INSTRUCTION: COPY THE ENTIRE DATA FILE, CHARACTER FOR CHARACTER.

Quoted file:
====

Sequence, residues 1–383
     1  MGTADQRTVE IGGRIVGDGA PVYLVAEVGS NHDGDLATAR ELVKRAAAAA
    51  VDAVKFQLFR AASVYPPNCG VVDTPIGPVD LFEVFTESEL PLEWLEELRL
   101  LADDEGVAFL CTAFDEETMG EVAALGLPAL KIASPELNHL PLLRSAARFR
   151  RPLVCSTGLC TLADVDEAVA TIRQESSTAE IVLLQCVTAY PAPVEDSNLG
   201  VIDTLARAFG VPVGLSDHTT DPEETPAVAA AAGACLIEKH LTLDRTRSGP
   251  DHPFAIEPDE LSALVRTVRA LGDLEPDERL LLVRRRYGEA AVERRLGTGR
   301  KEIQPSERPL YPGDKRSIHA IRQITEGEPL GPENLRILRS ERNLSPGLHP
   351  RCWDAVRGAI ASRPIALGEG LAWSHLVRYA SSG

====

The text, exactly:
Sequence, residues 1–383
     1  MGTADQRTVE IGGRIVGDGA PVYLVAEVGS NHDGDLATAR ELVKRAAAAA
    51  VDAVKFQLFR AASVYPPNCG VVDTPIGPVD LFEVFTESEL PLEWLEELRL
   101  LADDEGVAFL CTAFDEETMG EVAALGLPAL KIASPELNHL PLLRSAARFR
   151  RPLVCSTGLC TLADVDEAVA TIRQESSTAE IVLLQCVTAY PAPVEDSNLG
   201  VIDTLARAFG VPVGLSDHTT DPEETPAVAA AAGACLIEKH LTLDRTRSGP
   251  DHPFAIEPDE LSALVRTVRA LGDLEPDERL LLVRRRYGEA AVERRLGTGR
   301  KEIQPSERPL YPGDKRSIHA IRQITEGEPL GPENLRILRS ERNLSPGLHP
   351  RCWDAVRGAI ASRPIALGEG LAWSHLVRYA SSG